ZIMBABWEAN asylum seeker Sandra Murenha claimed benefits even though she was working in a job that she had obtained by lying.
Murenha (36) received £2 000 in Job Seeker’s Allowance while working at IT business company Steria Limited in Hemel Hempstead.
St Albans Crown Court heard last week that Murenha, of Grosvenor Road, St Albans, worked for the company between August 11 2008 and November 26 2010. She had obtained the job without declaring her previous conviction. In that period she had also claimed £2 000 in benefits.
Prosecutor Gavin Pottinger said Murenha had been jailed for eight months in 2005 for dishonesty offences.
She had opened a fake student bank account with a £14 000 overdraft. She had withdrawn £200 from a bank in Luton, but when she tried to do the same in Harpenden the manager was suspicious and she was arrested.
Murenha was convicted of possessing a fake birth certificate, obtaining a job by misrepresentation and obtaining Job Seeker’s Allowance while working.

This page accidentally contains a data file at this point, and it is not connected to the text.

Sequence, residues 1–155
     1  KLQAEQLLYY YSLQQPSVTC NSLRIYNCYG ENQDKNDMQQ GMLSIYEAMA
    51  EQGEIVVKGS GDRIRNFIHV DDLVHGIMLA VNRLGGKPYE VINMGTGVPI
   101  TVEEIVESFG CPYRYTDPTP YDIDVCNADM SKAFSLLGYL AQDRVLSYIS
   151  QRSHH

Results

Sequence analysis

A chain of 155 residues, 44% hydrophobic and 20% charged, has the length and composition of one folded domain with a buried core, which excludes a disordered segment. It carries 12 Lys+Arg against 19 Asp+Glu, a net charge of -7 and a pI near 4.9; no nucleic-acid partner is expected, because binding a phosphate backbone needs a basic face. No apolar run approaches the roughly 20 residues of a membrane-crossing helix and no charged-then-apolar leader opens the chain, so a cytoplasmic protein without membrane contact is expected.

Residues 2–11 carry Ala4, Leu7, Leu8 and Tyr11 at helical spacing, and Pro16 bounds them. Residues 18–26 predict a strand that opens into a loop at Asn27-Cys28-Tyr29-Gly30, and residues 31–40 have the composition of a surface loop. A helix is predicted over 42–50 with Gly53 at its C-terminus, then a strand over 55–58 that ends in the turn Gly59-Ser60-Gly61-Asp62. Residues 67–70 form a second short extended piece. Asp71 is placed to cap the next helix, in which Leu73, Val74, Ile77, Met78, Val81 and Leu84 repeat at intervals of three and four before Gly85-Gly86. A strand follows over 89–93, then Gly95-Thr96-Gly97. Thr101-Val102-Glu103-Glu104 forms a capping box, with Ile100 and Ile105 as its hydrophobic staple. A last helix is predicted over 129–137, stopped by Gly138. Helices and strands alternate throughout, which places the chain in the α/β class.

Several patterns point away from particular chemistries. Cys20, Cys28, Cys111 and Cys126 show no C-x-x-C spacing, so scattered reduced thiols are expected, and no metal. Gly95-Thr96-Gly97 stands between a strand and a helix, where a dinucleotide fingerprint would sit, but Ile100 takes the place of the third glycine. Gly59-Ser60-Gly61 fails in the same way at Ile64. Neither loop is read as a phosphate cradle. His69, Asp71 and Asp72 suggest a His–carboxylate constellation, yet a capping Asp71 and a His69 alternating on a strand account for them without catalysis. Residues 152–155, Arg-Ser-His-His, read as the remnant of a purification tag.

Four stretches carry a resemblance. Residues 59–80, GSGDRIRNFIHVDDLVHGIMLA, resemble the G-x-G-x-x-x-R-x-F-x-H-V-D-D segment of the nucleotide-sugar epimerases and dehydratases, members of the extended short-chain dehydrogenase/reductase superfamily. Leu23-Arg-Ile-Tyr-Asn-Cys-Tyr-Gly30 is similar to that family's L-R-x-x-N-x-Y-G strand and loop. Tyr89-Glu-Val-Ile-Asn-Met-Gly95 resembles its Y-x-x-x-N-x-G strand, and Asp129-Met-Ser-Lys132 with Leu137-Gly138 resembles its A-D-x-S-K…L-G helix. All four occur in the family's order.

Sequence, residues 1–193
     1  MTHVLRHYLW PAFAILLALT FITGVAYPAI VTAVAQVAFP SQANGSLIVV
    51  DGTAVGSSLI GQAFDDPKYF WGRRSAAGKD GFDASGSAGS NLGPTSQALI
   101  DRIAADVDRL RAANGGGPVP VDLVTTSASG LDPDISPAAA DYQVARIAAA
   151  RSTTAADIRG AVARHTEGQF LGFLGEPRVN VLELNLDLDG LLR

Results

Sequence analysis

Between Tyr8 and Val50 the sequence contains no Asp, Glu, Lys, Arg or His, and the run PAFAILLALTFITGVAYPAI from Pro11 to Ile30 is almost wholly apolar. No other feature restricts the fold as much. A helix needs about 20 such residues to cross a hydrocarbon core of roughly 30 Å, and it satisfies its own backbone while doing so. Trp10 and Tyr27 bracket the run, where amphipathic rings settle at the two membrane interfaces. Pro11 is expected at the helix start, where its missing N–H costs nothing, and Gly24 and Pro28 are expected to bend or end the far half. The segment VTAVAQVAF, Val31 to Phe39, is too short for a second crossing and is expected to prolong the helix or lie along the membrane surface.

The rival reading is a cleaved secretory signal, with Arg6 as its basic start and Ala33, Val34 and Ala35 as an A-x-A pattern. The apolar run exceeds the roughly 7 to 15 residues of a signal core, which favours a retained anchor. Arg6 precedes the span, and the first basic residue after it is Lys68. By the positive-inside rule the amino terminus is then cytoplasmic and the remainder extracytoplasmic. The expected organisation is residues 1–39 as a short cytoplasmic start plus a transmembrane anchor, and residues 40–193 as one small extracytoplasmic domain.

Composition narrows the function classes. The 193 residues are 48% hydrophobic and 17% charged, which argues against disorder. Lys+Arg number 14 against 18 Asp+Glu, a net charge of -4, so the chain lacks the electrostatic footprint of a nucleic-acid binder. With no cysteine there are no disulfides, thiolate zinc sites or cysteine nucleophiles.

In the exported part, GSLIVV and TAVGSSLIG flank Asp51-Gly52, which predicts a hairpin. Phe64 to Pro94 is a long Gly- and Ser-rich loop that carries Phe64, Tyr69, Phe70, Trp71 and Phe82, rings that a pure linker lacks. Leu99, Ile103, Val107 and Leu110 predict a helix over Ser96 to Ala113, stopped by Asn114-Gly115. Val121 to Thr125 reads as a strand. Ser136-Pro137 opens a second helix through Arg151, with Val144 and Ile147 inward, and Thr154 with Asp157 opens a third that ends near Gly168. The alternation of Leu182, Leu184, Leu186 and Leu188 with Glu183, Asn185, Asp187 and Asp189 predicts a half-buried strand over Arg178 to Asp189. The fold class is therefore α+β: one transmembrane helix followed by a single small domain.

Defence barrister Jane Oldfield said that as an asylum seeker, Murenha was entitled to live in the country, but could not conduct paid work or receive any benefits.
She had obtained the work with Steria to provide for herself.
Oldfield said Murenha claimed the benefits when she was working on a temporary basis and had not obtained a permanent role.
She now has leave to remain in the UK until 2017. Murenha wants to complete a Master’s degree and had the support of her church, she said.
Judge John Plumstead told her: “What is so depressing is that you are plainly an intelligent and capable woman who appears to be drawn to dishonesty.”
He said the fake benefit claim was aggravated by her use of a fake identity. He sentenced her to a total of eight months’ jail suspended for two years. She must carry out 180 hours’ unpaid work and be supervised by a probation officer.
The prosecution is considering whether to bring forward confiscation proceedings against Murenha. Judge Plumstead said it was his intention for her to pay the £3 000 costs of her trial.
He told her: “You are fortunate to have leave to remain here.”